Comrade Bukharin notes one side of the question, 40 given by the “third person”: surplus profits and its monopolistic capture by the strongest capitalist powers, which generates mutual struggle for the limits, etc. This, undoubtedly, is a circumstance of colossal significance, but taken alone, it is unable to fully explain the modern epoch. It is necessary to add the contradiction, so brightly noted by Engels and which, amongst others, in the best way explains the reasons of the special revolutionizing of young countries of capitalism. It is also entirely in harmony with the views of Lenin on the reasons, by which capitalism “bursts” first of all in backward countries.

However we will yet return to this subject in another connection.

The role of world capitalist monopolies, having decisive significance for the fate of capitalism, should not overshadow in our eyes the action of other destructive forces, springing to life by the modern system of capitalism and independent from this or the other forms of the latter. It must be remembered that in the period of monopolies laws continue to operate, described by Marx in capitalism’s epoch of free competition.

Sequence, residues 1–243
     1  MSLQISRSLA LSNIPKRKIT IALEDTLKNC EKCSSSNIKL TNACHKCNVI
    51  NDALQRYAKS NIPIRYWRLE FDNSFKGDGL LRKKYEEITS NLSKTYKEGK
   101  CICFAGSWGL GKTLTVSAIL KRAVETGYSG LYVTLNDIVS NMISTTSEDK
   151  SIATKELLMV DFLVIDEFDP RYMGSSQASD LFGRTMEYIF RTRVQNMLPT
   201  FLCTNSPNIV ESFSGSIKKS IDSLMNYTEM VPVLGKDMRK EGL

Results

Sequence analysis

On the other hand, the very fact of such exceptionally fast capture of the whole earth, the division of the whole world by a few large imperialist countries, which occurred in a period of around thirty odd years (from 1880 to 1914) must make us search the reason of this historically unprecedented phenomenon in the special conditions of the capitalism of our era. Such extraordinary extension breadthwise becomes necessary when there exists a special difficulty, preventing the extension inland. Expansion replaces in this case the intensive dissociation of old forms.

In many respects the modern epoch resembles on a global scale the period of late 17th and early 19th century in Europe. Then capitalism broke the old forms in Europe, causing on a smaller scale the same phenomenon, which now is observed on the global scale. Also then “workers excluded from big industry (manufacture and crafts, etc.) are placed by it in a still worse situation than the workers in big industry itself.”41 In the working class this period with a series of outbreaks of the revolutionary movement, caused acute struggle against the machine, and in bourgeois economy this epoch affected the flowering of Malthusianism, seeing the source of all troubles in excessive procreation of people. History repeats itself. The most prominent representatives of modern bourgeois science, as, e.g., Keynes, again are turning to Malthusianism for an explanation of the reasons of modern disasters. Recently Keynes expressed in that sense, that unemployment in England is caused by her excessive population. But the same idea in a more general form he stated already in his first book, devoted to the Versailles treaty. He pointed then to the overpopulation of the whole of Europe, as the cause of her suffering. In the same spirit he explained also the Russian revolution: